USA Table Tennis News So Much More in Comm...

So Much More in Common Than Not

By Barbara Wei | Aug. 04, 2022, 10 a.m. (ET)

U.S. National Championships Dinner at Whiskey & Rye, Omni Hotel. Fort Worth, Texas. July, 2022.

 

Interview with USATT Board Member, Distinguished Referee & Umpire and Table Tennis Player Dan Reynolds on Ping Pong Diplomacy

 

At the recent USA Table Tennis Nationals, you could find Dan Reynolds at the competition control desk, managing the marquee event as the Deputy Referee, or walking the tournament floor talking with other enthusiasts with a smile. Veteran, accountant, and lawyer by trade from San Antonio, TX, Dan has been involved with table tennis in the US for more than 40 years, first as a player, then umpire/referee and finally board member.

 

Dan Reynolds spoke to USATT about his journey, vision and hope for table tennis in the US, highlighting the importance of Ping Pong Diplomacy at this moment in time. The interview has been edited for clarity and length.

 

Q&A

Dan Reynolds

 

USATT: Tell us about your table tennis history?  How did you get involved in the sport and what roles have you had?

 

REYNOLDS: I started playing table tennis when I was 8, and at 14 years old, Carter Richardson, who had played in every US Open since 1932, saw me and told me I had some talent. He took me to a local club in Houston and adopted me as a player. I continued to play through high school, college and when I joined the military in the 1980s. I went to Germany and played in a German league while stationed there.

 

I continued to play competitively until I was injured in 2003. I was shot in the back from a piece of shrapnel, and I didn’t think I’d ever play table tennis again. But in 2010, a friend of mine found the San Antonio Table Tennis Club, and I started going there. They needed an umpire/referee for their tournaments, so I took the exam and started refereeing the tournaments. I continued umpiring in 2012 with the National Collegiate Table Tennis Association and eventually became their Division Director. I was umpiring all the major table tennis events, up to 1,300 matches a year. In 2020, I won a board position for USATT and have traveled in hundreds of clubs to visit and umpire since then.

 

I see a lot of enthusiasm about table tennis in the US right now, and that really aligns well with the current focus on Ping Pong Diplomacy.

 

 

USATT: What would you tell someone about table tennis in America?

 

REYNOLDS: The best thing is the camaraderie. I love going to clubs and tournaments and seeing all these people. I love watching high-level table tennis and officiating, but the real joy are the friendships that you develop that are lifelong. That’s what keeps me in table tennis and makes it special.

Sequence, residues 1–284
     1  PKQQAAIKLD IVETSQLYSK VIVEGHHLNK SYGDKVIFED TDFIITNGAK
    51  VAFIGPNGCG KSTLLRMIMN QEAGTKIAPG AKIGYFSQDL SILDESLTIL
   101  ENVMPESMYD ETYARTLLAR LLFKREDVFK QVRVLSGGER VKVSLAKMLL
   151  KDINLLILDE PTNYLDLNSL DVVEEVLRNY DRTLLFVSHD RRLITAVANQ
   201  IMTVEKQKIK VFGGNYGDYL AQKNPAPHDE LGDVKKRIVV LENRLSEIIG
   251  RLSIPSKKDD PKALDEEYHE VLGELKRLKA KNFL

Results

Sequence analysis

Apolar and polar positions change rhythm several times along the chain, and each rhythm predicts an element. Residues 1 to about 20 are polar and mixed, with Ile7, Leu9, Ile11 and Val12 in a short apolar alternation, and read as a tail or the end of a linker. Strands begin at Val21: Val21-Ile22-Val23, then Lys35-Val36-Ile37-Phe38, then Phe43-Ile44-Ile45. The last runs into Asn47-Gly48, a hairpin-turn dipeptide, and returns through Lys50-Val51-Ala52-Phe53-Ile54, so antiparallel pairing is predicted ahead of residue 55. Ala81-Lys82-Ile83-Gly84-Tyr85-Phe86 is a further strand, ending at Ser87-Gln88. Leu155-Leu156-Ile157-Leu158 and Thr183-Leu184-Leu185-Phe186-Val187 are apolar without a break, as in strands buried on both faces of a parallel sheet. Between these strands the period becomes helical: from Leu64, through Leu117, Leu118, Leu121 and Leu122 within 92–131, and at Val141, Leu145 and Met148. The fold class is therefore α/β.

After major events, I can always go to a local restaurant with players, umpires, referees and volunteers and we can sit around and talk about table tennis. You can really see the love for the sport in everyone around the table.  

 

USATT: Tell us about your experience at the Ping Pong Diplomacy Houston Kickoff Event in June.

 

REYNOLDS: My favorite part was seeing all these people who were really excited about table tennis, from outside the usual community. I saw these women in gowns and men in suits take off their shoes and play table tennis during the gala. These people couldn’t walk away from an event like that without wanting to participate in the sport.

 

I want to build a great relationship with China through the sport. We have so much more in common as humans than not.

 

USATT: What kind of impact can table tennis have on the US, diplomacy, and the world?

 

REYNOLDS: Right now, America is a divided place, sometimes even in the table-tennis community. But, when people are angry, and they go to their tables and play their matches, they can operate like there are no other worries going on. You don’t have to think about the division. Table tennis can help us concentrate on the things we love and have in common. In the table tennis world, I don’t care about the other person’s politics. I’m simply happy to be there with others who also love the same sport.

 

If we can all get together and work towards a common goal, we can make the world a better place. I think this is what Ping Pong Diplomacy does for us.

 

USATT: What has table tennis meant for you personally?

 

REYNOLDS: For me, table tennis is the best thing in the world. It’s my second family. It’s not just about competition, it’s a way of life.